In this situation, there is no recognition of the extra burden a pastor carries in leading people spiritually. It is assumed that the pastor has no more spiritual pressure than the rest of us, so he should require no more support that the rest of us.
The fallout from this kind of environment is that the leader feels discouraged, burnt out, hurt, and alone most of the time. Often they feel judged, misjudged, and under-appreciated. It's the feeling like the people they are leading want them to 'make bricks without straw' and to do it right quick!
When leaders fall, in these kinds of circumstances, it is because they feel so alone and so angry that they act out to deal with the misery inside.
#3 - IGNORANCE
Some churches are not in either extreme. They are just unaware. No one has taught them or told them about spiritual warfare. There is no sense of urgency in their spiritual life about winning a city for Jesus, or breaking down strongholds. They see the church like the see a non-profit or business. It's just all tactical and practical. The leader is just a CEO and should be treated with the same emotional ambivalence that one would treat the leader of any other company.
So they are unconcerned and even apathetic about their leader.
Actually, this is the best of the three bad options. It is not imbalanced in its special treatments and enablements of the leader. And it is not judgmental or harsh in its tone toward the leader. But the result is still personal and organizational vulnerability.
This approach shows more about the lack of spiritual awareness and maturity of the church family. It shows that they either depend too much on the pastor to carry and handle everything, or that they just don't really care so much about the advancement of God's Kingdom. They view church more like a weekend event they go to rather than a spiritual movement that they are participating in. So if the pastor is performing well to meet their weekend needs, they are more than happy to let him bear the load alone.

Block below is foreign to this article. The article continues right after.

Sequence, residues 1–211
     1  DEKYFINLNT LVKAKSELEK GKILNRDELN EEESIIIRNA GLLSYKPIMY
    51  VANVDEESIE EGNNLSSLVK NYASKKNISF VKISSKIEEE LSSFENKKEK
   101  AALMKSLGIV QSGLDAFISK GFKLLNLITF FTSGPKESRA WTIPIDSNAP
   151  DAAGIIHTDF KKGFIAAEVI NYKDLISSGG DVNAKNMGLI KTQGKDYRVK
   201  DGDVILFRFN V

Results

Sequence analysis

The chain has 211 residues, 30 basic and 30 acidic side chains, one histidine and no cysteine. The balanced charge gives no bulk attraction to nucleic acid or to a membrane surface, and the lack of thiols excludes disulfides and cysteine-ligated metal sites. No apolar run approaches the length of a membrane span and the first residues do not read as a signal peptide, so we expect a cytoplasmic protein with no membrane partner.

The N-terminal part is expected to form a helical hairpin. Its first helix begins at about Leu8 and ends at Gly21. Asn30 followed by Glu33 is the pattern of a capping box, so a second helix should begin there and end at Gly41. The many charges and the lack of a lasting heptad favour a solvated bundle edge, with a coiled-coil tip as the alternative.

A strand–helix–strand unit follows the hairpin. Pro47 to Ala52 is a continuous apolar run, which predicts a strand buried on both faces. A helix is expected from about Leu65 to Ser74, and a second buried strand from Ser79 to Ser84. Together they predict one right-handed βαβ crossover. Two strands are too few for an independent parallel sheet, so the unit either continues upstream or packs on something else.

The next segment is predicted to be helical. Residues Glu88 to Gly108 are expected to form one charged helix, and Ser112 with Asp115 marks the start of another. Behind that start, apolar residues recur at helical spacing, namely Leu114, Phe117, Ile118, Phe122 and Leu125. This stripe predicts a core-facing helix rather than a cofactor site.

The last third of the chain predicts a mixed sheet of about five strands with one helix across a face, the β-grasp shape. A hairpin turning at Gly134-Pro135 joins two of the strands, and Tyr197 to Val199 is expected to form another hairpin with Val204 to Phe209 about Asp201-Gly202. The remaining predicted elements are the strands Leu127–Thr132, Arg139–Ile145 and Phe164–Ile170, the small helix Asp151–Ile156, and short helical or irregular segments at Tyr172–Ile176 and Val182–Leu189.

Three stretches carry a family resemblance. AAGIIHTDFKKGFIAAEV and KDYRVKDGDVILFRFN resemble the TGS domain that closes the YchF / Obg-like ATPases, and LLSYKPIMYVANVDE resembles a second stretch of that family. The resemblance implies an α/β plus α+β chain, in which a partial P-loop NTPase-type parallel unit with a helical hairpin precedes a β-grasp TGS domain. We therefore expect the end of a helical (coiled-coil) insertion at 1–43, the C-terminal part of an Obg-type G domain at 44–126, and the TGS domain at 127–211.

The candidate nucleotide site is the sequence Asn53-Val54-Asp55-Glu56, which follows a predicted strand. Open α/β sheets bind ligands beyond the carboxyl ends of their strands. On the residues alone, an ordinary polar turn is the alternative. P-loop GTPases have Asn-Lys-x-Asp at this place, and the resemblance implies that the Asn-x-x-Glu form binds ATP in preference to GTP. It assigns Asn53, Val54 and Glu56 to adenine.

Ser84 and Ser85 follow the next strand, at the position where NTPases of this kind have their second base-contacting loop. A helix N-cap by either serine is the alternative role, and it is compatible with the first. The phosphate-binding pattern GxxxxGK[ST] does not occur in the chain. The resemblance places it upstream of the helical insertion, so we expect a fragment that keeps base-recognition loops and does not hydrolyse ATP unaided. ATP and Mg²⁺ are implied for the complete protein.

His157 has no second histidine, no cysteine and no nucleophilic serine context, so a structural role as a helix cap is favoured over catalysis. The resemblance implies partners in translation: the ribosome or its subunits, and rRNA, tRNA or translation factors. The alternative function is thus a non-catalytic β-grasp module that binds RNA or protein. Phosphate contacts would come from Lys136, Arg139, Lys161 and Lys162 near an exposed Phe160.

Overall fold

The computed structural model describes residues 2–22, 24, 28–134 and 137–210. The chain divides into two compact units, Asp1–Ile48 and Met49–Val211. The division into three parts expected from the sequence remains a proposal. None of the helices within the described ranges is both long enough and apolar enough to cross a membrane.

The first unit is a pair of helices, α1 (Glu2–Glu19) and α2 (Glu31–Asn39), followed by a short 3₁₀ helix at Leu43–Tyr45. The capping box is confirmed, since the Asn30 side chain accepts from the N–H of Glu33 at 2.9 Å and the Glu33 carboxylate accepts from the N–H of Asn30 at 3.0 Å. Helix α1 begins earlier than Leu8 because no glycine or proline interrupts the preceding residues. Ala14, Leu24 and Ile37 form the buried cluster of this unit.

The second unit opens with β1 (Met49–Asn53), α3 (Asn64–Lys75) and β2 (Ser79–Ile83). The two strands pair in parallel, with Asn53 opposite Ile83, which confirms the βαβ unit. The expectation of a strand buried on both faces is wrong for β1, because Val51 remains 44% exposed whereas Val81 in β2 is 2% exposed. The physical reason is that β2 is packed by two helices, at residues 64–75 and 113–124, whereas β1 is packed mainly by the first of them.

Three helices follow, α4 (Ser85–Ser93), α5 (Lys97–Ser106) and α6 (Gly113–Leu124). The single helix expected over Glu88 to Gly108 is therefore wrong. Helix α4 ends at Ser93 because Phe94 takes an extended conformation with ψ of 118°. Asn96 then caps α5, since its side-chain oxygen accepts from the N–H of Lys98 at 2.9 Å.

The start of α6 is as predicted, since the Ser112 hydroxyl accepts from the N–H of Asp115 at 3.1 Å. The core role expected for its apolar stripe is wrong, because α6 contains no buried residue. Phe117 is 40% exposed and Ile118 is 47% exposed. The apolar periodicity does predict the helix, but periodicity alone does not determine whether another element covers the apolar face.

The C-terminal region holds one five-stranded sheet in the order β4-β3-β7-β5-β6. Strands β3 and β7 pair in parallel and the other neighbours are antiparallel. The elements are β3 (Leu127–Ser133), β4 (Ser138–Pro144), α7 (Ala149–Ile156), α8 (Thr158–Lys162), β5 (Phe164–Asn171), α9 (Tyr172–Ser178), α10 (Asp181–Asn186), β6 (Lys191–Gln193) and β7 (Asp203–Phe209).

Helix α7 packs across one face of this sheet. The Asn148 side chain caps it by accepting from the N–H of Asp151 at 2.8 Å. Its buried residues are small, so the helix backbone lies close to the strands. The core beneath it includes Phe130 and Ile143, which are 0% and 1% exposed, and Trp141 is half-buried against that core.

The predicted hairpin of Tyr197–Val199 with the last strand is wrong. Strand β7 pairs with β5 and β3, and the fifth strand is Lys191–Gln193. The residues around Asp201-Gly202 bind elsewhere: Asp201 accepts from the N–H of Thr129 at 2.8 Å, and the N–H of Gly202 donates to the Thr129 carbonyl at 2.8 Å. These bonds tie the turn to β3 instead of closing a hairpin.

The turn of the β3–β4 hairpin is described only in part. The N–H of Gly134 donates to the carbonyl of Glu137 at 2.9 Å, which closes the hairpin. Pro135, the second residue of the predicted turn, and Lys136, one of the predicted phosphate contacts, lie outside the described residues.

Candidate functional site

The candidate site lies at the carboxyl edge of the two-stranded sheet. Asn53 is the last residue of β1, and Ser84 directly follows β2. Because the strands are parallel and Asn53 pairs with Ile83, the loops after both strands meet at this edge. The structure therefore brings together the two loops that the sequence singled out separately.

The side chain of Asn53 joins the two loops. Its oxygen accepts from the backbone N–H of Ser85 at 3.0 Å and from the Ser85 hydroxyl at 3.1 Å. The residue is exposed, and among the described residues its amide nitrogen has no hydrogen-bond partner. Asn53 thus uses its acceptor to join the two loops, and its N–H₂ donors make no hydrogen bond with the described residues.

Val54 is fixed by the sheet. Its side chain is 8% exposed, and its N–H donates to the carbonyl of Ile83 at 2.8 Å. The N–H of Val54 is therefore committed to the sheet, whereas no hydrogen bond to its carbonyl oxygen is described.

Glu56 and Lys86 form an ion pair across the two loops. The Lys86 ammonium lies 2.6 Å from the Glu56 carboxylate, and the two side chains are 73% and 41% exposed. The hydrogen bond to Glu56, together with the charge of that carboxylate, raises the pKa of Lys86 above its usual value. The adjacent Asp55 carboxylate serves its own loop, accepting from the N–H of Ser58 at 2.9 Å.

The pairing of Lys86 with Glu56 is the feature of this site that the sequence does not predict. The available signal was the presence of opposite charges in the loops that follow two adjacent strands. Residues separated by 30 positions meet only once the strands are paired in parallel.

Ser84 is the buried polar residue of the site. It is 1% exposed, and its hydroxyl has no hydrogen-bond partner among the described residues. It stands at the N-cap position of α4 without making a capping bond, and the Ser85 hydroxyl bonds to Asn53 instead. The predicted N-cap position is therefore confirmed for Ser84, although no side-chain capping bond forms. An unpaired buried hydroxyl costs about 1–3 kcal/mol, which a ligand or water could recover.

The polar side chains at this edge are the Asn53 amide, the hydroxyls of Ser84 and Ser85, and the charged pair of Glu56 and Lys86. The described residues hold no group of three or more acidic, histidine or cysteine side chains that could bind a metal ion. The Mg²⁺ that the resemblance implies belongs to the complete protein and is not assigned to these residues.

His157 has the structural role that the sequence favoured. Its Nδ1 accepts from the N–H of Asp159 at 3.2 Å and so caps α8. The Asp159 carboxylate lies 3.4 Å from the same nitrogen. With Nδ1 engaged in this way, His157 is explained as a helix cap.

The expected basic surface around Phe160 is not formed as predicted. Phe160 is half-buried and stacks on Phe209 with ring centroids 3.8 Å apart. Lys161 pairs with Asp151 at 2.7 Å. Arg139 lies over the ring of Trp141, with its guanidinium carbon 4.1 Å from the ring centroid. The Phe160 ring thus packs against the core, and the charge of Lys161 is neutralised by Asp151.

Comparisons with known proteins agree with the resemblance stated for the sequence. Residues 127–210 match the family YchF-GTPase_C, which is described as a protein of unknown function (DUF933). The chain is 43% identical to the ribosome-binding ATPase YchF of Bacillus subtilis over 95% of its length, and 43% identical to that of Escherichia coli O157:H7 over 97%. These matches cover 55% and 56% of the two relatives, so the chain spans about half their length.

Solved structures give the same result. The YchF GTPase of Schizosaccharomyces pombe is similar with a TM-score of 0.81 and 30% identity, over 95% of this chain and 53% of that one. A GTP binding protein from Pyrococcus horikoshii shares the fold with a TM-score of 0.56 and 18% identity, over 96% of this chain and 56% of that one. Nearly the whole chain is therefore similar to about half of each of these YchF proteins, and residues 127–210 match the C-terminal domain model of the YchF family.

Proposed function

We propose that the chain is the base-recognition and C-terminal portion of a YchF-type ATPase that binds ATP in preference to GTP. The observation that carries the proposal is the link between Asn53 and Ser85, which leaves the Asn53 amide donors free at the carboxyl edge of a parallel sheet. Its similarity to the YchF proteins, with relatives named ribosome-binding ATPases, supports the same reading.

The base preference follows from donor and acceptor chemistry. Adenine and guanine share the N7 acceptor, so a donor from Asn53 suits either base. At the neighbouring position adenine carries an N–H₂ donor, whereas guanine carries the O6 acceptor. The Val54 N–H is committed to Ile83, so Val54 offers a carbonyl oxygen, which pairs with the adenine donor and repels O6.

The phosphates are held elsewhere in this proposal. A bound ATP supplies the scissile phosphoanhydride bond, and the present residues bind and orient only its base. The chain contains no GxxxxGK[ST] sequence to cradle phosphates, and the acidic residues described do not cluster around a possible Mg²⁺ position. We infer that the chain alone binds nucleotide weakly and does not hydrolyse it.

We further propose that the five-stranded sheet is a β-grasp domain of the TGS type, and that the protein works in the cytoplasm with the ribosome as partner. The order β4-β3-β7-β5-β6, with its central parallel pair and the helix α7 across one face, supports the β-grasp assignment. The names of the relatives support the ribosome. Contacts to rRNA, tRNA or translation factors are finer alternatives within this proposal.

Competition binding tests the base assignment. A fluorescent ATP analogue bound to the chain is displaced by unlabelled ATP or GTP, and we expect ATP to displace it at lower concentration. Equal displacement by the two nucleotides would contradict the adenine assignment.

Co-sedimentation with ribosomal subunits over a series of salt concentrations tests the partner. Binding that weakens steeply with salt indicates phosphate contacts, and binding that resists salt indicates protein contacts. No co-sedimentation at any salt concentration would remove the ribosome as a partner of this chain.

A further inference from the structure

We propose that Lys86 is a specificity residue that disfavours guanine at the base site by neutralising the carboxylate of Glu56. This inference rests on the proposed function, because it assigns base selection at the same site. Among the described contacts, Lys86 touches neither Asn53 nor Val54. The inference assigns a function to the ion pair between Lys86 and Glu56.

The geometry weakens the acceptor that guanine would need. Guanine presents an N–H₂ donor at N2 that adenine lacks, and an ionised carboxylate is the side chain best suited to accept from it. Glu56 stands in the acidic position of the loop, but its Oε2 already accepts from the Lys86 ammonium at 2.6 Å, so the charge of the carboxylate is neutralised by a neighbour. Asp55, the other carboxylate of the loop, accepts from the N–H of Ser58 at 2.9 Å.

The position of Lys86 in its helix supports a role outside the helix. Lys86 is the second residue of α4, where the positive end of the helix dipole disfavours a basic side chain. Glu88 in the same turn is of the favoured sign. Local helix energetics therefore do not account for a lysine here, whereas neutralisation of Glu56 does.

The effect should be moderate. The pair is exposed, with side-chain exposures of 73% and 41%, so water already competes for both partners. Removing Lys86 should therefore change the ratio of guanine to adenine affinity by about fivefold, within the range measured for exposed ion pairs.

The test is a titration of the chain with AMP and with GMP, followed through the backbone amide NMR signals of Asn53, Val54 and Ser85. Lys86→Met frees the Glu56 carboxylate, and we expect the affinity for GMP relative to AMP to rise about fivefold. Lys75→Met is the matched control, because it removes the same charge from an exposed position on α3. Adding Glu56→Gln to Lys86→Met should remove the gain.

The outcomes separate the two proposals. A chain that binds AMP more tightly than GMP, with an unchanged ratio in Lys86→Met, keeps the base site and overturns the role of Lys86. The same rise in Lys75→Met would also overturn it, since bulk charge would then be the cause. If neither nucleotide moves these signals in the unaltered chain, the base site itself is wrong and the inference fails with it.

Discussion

THE RIGHT APPROACH
VIGILANCE is the only way to protect the pastor. Someone has to pay attention to the reality of vulnerability. Since the devil has a strategy against the leader, the people of God should have a strategy to support the pastor. Someone somewhere has to care enough to form a plan to provide relief and support from the pressure.
This strategy should involve the following:
Spiritual - There should be someone devoted to praying for the leader. Intercessors who can stand in the gap, especially during difficult times.
Emotional - There should be someone thinking about how to make the leader feel appreciated, cared for, listened to, and less alone.
Financial - This is actually a Biblical principle, that the ox should not be kept from eating as they are threshing. Also, 'The elders who direct the affairs of the church well are worthy of double honor, especially those whose work is preaching and teaching.' 1 Timothy 5:17
Relational - There should be investment in the pastor to participate in networks and go to conferences where they can make friends, learn and grow.
Practical - It makes sense to find out where a leader is weak and surround him with individuals who have gifts that supply what he is missing. In this way, his strengths will shine.
Again, if we think of these things from a personal perspective, it can feel a bit like overkill. Does a pastor really need all of this? But if we think of things from a perspective of spiritual warfare and the advancement of God's Kingdom, then all of this makes so much practical sense. You cannot advance against the enemy without good leadership. You cannot sustain good leadership without a plan to support and strengthen the leader. It's a practical and Biblical solution.